Allen Community College plans to hold in-person classes this fall, and looks to operate as normally as possible while still taking COVID-19 safety precautions.
One outcome of this plan is that the college should not be affected by a recent decision by the Department of Homeland Security (DHS) and Immigration and Customs Enforcement (ICE) to deny visas to international students who would only be able to take online courses while living on campuses in the U.S.
“Our institutional policy … is that international students have to be in at least 9 hours of classes on ground, if they’re in this country,” said ACC vice president for student affairs Cynthia Jacobson.
This is actually the typical policy for ACC and other institutions, she said, but due to the COVID-19 pandemic, the rule prohibiting international students from taking only online courses had been waived.
Institutions like Harvard and MIT had wanted the waiver to remain in place, and so are suing the Trump administration over the DHS/ICE policy, saying it’s a matter of public health, since it’s arguably safer for some students to both remain in the U.S. while also taking all their courses online.
On the flipside, Jacobson said “[ACC has] a number of students who aren’t going to be able to get out of their country, because they have travel restrictions to the U.S.,” including from Europe.
“Our biggest issue with our internationals is their inability to get here.”
This is because the European Union and elsewhere have deemed the COVID-19 situation in the U.S. as acutely dangerous.
Those students are “either going to start or continue their classes with us online,” said Jacobson, “and hopefully in the spring semester they’re going to be able to travel here.”
Not surprisingly, then, “our international population will be down this fall,” she said. “Though for us it isn’t as great an impact,” in contrast to other colleges and universities.
Nonetheless, suggested Jacobson, any loss of international students is in turn a cultural loss both for the college and for the community.
“It’s beneficial for our students to interact with students from other cultures. Diversity and equity are really important to us,” she said.
ACC international students that can ultimately travel to the U.S. will be permitted to stay on campus early, so that they can quarantine for an appropriate amount of time.
Aug. 3 will be those students’ last day to arrive, since courses begin on Aug. 17.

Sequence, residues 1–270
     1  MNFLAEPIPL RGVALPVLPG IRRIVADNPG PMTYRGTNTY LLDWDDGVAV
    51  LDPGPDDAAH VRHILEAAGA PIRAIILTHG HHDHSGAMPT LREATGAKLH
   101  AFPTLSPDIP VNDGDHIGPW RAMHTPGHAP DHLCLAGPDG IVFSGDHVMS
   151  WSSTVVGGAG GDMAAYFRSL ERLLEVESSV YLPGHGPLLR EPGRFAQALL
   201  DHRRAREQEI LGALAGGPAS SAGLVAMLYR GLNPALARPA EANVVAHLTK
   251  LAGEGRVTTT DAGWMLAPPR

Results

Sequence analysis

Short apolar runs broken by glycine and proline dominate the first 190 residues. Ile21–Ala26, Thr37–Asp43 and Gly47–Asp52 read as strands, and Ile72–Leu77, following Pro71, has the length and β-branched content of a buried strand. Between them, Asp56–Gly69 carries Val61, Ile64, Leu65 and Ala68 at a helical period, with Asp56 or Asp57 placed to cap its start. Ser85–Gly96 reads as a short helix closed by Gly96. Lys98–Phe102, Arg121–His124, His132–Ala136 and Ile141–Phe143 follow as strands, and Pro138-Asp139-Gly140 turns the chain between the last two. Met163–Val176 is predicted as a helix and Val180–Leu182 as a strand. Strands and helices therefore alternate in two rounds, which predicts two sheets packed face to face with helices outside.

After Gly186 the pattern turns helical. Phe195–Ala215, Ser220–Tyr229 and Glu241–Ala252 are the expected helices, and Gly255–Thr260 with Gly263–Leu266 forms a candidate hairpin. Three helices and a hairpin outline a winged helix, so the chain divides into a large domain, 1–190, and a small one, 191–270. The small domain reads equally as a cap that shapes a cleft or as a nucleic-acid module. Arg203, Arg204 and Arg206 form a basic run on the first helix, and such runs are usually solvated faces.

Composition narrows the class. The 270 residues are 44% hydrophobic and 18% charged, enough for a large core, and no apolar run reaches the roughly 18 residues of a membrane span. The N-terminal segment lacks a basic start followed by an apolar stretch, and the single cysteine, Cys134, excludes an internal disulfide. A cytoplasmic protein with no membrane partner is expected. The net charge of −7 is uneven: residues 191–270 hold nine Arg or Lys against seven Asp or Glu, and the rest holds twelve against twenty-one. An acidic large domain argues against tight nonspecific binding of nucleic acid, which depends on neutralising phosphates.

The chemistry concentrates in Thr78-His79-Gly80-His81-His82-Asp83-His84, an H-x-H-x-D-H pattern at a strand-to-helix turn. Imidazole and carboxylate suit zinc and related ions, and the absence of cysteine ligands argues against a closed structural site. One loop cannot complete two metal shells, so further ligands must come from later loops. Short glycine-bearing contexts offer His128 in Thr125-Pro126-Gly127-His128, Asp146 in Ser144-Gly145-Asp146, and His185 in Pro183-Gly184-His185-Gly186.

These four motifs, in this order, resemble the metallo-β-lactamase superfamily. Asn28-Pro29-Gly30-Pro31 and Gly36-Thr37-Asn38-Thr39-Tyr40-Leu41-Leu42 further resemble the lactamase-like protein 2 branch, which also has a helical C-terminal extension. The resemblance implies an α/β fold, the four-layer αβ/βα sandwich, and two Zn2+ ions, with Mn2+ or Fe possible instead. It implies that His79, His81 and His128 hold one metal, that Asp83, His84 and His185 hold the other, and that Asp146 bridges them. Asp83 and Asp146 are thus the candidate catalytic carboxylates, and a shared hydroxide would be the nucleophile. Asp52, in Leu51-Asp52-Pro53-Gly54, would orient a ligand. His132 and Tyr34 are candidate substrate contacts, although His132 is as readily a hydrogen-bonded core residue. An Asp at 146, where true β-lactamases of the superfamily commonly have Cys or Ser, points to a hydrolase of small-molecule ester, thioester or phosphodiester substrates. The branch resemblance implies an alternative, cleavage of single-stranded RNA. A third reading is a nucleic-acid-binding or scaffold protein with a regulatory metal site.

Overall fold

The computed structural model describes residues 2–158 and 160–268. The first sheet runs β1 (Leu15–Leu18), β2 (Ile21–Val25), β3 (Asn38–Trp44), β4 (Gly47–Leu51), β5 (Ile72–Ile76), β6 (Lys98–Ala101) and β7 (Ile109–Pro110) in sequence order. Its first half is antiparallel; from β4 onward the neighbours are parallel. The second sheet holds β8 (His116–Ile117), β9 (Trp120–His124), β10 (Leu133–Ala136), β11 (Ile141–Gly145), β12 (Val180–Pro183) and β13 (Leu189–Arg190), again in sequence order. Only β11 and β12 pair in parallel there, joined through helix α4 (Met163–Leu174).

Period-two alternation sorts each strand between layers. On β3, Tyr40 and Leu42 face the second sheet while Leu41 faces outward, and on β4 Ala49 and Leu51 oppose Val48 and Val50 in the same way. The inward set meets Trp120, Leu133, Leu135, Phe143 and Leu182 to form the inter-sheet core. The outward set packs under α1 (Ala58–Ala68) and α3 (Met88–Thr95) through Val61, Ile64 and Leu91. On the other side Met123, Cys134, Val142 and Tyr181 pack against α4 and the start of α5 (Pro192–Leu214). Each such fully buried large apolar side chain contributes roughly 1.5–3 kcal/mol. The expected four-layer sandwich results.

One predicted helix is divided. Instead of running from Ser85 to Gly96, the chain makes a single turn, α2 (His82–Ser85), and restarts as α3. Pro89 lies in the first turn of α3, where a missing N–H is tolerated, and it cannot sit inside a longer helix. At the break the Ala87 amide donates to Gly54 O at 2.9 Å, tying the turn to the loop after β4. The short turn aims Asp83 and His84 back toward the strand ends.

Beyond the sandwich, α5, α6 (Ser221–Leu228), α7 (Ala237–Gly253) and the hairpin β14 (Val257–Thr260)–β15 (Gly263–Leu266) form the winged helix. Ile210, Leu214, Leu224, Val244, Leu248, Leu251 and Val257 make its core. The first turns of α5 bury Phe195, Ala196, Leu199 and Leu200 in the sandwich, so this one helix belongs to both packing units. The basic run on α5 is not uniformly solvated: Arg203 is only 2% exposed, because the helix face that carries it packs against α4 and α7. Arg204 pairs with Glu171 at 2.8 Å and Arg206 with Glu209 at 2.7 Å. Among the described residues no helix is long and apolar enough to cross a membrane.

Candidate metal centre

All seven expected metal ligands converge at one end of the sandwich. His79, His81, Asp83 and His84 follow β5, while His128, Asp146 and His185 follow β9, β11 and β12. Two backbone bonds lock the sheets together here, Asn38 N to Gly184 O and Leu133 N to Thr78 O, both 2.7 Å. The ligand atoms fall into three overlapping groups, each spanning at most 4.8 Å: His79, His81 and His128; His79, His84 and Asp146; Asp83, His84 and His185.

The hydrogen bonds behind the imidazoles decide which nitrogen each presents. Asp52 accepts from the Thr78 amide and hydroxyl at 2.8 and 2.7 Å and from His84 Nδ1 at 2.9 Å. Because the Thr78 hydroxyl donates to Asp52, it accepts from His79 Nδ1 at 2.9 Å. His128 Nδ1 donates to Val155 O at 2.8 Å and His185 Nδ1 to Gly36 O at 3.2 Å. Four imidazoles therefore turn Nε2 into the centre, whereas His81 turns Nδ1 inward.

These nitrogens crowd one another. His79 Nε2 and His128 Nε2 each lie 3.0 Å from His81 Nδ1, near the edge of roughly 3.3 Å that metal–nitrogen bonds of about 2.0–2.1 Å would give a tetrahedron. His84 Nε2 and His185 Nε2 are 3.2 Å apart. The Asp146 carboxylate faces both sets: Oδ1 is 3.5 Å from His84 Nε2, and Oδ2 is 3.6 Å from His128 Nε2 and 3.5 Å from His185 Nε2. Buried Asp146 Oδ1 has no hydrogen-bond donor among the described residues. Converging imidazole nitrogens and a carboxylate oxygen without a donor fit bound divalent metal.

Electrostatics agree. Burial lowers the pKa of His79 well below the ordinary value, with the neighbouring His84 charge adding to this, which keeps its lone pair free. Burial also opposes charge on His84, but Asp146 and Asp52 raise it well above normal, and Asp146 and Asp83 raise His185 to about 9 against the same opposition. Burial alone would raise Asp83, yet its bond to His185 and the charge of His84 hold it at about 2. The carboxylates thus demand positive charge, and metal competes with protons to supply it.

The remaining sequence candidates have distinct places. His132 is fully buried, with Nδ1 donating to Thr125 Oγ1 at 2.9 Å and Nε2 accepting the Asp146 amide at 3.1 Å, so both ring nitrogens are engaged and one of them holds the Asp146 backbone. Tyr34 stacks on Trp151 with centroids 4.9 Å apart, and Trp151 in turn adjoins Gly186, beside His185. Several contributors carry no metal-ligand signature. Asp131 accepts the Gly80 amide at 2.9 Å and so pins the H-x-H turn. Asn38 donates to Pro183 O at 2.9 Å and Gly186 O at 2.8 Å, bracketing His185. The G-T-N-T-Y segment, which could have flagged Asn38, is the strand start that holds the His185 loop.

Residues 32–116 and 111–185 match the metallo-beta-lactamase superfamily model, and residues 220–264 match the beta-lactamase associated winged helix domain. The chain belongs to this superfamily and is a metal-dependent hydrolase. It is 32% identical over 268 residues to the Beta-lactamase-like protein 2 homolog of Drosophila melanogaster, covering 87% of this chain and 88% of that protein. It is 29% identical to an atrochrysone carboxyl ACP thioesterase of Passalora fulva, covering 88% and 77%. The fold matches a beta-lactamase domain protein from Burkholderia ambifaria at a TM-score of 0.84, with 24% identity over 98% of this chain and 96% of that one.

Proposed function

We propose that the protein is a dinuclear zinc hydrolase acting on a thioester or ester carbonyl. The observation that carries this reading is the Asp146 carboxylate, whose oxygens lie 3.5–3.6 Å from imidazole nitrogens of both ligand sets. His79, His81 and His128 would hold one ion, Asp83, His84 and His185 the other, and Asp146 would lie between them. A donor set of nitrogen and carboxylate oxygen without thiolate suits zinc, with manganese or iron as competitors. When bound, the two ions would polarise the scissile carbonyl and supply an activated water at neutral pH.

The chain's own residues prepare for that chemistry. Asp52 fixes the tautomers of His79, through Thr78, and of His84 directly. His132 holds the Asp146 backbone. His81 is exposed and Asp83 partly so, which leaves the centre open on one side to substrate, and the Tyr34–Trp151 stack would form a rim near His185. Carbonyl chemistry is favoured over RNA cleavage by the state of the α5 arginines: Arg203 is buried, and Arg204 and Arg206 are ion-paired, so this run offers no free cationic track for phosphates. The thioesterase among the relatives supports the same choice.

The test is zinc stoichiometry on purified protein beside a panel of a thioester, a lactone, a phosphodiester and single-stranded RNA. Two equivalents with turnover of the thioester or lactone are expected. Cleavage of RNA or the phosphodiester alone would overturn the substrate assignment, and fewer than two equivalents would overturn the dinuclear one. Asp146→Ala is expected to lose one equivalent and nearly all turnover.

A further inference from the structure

As a safety precaution, ACC is also planning to test all students and athletes living on campus for COVID-19, said Jacobson.
“We don’t want to put the community here at risk,” she said. “[We] would feel terrible if we brought in students … who became ill and then spread it to the community.”
Testing of this kind is also important, she said, because many students living on campus are coming from other “hot spot” states across the country such as Florida and Texas.
These students are likewise being notified so that they can arrive on campus early for testing and quarantining.
If the situation regarding COVID-19 changes between now and the beginning of the fall term, say, by continuing to significantly worsen across the U.S., ACC has a contingency plan.
“Things could change dramatically,” said Jacobson.
“Say we get to October and decide it’s just not safe for students to be on-ground anymore; at that point in time we’ll contact our international [student] representatives,” as well as make any other necessary changes such as were made during the spring semester.
For now, however, the goal is to meet as normally as possible, though there will be a number of changes “to make sure classes are safe.”
For instance, Jacobson said some classes will be scheduled in larger spaces to help with social distancing.
Some classes will be split into smaller groups, so as to reduce the number of students in constant contact with one another.
The wearing of masks is not only strongly encouraged, but given the mandate in Allen County, will be a requirement while indoors.
Instructors are also being encouraged to move activities online, such as having students turn in assignments over the internet rather than in person.